Sony's DSLR Killer is Finally Here - Alpha 7 & 7R are Full-frame Compact ILC

Big sensor, compact size, and interchangeable lens system from Sony is a dream camera no other manufacturers could produce so far.  The closest match is Sony's own RX-1 with identical spec, but with fixed lens which is a huge drawback for many potential buyers.

Sony's latest Alpha 7 & 7R are closer in size and design to Sony’s NEX cameras, yet come with huge full-frame sensors and a suite of high-end interchangeable lenses. These are definitely pro-level cameras, with pro-level prices: the 7 starts at $1,999.99 with a kit lens, and the 7R will cost at least $2,299.99.

Despite their gigantic sensors, both the Alpha 7 and 7R (Sony's dropping NEX from the branding here) include a footprint not much larger than other models in the company's mirrorless lineup. Externally, the duo is identical, with resolution representing the chief differentiator here.

They use the same E-mount that you'll find on existing cameras and lenses, but you'll need to upgrade your glass to take full advantage of the new sensor. You can also use existing optics, either with significant cropping or some heavy vignetting, but if you're investing in either camera, it's definitely worth boosting your lens collection, too. Join us past the break for a closer look at Sony's exciting new Alphas.

Sony’s new cameras signify a new era as they have boldly claimed them to be, "the world’s smallest full-frame interchangeable lens models."

The design is a little boxy, with little of the retro chic of the Fujifilm X-Pro 1 or the Olympus OM-D E-M1, but it’s well-made and intuitive to use.

With these cameras, though, what's inside counts most. The Alpha 7 comes with an effective 35mm full-frame, 24.3-megapixel sensor, and Sony’s Bionz X image processor. The camera’s sensor range goes up to ISO 25,600, it outputs 14-bit RAW images, shoots at 5 frames per second, captures 1080p video at 60 or 24 frames per second, and can output 4K images and uncompressed HDMI.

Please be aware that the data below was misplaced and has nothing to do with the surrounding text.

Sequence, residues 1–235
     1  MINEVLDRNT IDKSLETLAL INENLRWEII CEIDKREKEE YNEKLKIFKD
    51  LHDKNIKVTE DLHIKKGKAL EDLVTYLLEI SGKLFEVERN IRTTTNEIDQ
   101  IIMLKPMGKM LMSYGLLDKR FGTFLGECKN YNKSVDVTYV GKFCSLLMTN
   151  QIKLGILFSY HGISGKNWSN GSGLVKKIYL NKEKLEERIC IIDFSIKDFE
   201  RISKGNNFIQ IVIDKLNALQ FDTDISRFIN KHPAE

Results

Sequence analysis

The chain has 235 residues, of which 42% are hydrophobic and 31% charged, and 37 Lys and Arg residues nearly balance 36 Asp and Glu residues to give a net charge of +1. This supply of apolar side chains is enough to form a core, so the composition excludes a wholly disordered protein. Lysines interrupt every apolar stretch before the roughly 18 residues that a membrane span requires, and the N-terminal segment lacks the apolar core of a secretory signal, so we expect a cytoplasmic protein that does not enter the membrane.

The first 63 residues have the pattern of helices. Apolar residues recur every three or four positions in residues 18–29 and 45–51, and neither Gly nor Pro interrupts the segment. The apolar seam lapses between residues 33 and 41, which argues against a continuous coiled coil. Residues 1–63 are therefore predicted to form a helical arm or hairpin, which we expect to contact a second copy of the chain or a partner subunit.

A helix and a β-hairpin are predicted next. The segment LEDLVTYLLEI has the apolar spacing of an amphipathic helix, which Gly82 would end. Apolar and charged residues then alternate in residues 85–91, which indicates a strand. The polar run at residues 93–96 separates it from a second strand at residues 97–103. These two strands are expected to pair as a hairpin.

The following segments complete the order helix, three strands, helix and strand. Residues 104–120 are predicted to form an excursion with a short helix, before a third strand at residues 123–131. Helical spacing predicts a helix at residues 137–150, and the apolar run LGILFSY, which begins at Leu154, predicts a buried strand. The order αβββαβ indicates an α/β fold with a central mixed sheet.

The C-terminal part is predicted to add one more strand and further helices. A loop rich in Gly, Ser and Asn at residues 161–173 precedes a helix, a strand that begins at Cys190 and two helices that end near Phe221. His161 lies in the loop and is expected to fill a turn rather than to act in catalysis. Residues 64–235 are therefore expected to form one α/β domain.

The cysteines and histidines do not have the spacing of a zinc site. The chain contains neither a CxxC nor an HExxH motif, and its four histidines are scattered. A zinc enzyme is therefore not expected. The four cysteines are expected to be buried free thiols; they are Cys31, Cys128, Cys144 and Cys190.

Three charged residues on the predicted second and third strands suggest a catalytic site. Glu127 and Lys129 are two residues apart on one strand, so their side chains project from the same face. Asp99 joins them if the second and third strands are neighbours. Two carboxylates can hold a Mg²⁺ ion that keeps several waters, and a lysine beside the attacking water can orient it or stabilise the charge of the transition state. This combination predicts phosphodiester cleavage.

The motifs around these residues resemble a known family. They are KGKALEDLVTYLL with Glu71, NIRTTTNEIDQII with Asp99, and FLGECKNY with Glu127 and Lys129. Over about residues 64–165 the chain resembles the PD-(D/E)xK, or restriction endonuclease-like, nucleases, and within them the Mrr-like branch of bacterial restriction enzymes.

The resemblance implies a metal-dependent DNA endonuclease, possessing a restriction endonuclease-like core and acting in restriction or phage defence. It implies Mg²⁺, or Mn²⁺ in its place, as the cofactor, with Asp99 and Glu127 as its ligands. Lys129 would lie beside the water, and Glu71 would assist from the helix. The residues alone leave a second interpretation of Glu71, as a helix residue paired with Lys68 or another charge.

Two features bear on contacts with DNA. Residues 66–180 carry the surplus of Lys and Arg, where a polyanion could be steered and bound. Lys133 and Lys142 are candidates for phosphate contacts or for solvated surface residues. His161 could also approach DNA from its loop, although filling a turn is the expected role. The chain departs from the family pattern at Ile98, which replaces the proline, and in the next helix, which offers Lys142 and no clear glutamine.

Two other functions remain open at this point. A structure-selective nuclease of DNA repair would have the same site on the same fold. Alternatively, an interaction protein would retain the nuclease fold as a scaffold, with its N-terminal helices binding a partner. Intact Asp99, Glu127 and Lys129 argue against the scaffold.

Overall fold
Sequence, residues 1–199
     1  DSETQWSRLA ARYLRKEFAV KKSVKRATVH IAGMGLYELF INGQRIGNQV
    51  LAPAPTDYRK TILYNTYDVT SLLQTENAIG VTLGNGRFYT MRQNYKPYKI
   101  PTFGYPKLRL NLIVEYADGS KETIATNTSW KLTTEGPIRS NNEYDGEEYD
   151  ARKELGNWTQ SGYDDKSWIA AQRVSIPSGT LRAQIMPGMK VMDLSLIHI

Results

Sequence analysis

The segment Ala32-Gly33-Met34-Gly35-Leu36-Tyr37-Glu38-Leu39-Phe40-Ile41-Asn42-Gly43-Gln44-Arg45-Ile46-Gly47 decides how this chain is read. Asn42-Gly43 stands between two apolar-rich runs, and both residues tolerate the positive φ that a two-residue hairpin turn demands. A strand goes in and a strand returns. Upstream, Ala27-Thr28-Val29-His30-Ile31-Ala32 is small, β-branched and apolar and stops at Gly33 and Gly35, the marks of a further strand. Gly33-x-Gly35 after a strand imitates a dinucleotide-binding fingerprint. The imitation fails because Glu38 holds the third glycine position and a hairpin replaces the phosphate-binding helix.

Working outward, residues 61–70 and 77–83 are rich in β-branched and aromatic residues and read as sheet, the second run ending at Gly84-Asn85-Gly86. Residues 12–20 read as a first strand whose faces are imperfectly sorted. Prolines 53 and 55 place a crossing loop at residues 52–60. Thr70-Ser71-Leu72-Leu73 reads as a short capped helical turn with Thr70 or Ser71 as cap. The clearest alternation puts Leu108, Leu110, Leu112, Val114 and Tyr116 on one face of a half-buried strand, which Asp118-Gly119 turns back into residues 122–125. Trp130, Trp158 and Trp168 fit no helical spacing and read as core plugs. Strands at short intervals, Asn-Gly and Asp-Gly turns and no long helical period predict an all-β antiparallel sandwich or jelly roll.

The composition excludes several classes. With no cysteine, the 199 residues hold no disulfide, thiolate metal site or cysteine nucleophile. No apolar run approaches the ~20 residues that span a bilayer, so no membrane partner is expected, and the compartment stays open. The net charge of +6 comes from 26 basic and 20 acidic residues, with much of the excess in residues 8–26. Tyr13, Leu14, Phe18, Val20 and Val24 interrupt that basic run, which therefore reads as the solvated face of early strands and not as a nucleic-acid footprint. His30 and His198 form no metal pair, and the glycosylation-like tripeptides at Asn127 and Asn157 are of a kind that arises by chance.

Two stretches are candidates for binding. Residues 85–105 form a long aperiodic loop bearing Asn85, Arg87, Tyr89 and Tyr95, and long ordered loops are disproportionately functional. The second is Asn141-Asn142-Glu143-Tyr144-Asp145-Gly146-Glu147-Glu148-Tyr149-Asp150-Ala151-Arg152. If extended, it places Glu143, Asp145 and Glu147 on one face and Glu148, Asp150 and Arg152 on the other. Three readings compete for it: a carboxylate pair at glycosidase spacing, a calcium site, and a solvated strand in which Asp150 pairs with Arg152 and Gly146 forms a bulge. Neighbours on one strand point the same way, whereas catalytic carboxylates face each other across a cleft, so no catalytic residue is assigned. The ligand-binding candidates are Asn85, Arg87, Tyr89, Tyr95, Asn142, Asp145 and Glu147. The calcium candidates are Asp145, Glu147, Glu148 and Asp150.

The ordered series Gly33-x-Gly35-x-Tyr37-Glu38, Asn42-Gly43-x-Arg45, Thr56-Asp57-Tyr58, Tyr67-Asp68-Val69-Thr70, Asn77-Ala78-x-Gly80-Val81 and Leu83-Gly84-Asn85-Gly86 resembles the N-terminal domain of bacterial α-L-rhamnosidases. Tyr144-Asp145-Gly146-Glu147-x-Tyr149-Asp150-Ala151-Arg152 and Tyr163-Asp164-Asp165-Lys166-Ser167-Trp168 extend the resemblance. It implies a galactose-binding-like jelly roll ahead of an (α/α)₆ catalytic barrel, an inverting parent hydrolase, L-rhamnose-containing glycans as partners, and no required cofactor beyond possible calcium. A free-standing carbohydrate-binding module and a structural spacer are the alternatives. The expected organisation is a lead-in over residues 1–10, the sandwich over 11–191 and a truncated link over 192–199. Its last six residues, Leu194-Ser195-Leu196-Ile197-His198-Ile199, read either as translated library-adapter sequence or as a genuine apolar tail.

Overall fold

The 7R goes even a step further, by removing the low-pass filter and adding a 36.3-megapixel sensor (the same resolution as the Nikon D800, which feels comically enormous next to the 7R). The photos we saw from both look fantastic, with remarkable detail and sharpness — every bit the equal of the D800 and even the Canon 5D Mark III, which Sony doesn’t shy away from comparing its cameras to. These cameras are powerhouses.

Both models have super-sharp 3-inch, 1.23-million-dot tilting LCDs on the back, and integrated 2.4-million-dot OLED viewfinders. As always, the picture in an EVF is slightly less accurate than an optical viewfinder, but when we used the 7 and 7R we were impressed with how bright, responsive, and flat-out huge the viewfinder is.

Wi-Fi and NFC continue their run across Sony’s camera lineup here, using the PlayMemories Mobile app to turn your phone into a remote control or viewfinder. The experience doesn’t seem to have changed or improved much, though, which doesn’t bode well for the new devices.

As Sony's introducing an entirely new camera system, there are a handful of accessories to discuss, too. There's a vertical grip adapter for $350, an LA-EA4 Alpha lens adapter with a built-in AF motor for $350, an LA-EA3 lens adapter without an AF motor for $200, a leather case for $40, a $15 screen protector and an off-camera shoe for 50 bucks.

Sony's DSLR Killer is Finally Here - Alpha 7 & 7R are Full-frame Compact ILC Reviewed by Blogs on 10/19/2013 Rating: 5

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